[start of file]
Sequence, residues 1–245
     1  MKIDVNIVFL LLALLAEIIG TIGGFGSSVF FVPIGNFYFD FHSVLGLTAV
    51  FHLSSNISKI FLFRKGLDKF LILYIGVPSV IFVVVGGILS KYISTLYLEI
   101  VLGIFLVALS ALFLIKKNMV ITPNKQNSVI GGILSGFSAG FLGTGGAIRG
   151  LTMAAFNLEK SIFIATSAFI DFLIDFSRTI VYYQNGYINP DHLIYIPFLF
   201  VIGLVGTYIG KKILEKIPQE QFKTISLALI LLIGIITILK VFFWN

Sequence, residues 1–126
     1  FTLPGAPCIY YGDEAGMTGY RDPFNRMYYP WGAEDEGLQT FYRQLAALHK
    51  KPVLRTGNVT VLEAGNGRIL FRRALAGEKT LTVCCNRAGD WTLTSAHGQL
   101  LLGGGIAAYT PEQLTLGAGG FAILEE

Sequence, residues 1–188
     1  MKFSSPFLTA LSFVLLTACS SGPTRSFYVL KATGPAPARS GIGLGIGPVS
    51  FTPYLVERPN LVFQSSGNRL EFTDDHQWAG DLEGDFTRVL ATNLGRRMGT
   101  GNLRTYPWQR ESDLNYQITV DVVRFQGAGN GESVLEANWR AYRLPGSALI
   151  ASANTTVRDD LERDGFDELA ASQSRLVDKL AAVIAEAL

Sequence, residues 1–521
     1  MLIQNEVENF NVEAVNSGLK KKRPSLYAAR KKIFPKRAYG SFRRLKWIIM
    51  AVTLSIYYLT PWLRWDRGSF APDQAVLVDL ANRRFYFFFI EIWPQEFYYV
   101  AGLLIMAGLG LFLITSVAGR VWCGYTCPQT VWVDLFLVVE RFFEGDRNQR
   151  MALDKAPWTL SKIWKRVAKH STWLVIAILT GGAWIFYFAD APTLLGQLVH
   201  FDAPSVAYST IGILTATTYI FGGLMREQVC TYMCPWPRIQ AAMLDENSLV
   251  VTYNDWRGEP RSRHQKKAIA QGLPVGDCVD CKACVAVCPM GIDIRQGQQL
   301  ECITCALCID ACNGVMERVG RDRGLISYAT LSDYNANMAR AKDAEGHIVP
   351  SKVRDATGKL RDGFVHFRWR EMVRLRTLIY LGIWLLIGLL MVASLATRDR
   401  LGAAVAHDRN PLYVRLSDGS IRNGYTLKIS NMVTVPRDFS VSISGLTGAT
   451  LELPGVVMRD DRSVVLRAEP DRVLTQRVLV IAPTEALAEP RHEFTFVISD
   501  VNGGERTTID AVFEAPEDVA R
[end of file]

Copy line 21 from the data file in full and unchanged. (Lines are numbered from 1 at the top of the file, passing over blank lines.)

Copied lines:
   201  FDAPSVAYST IGILTATTYI FGGLMREQVC TYMCPWPRIQ AAMLDENSLV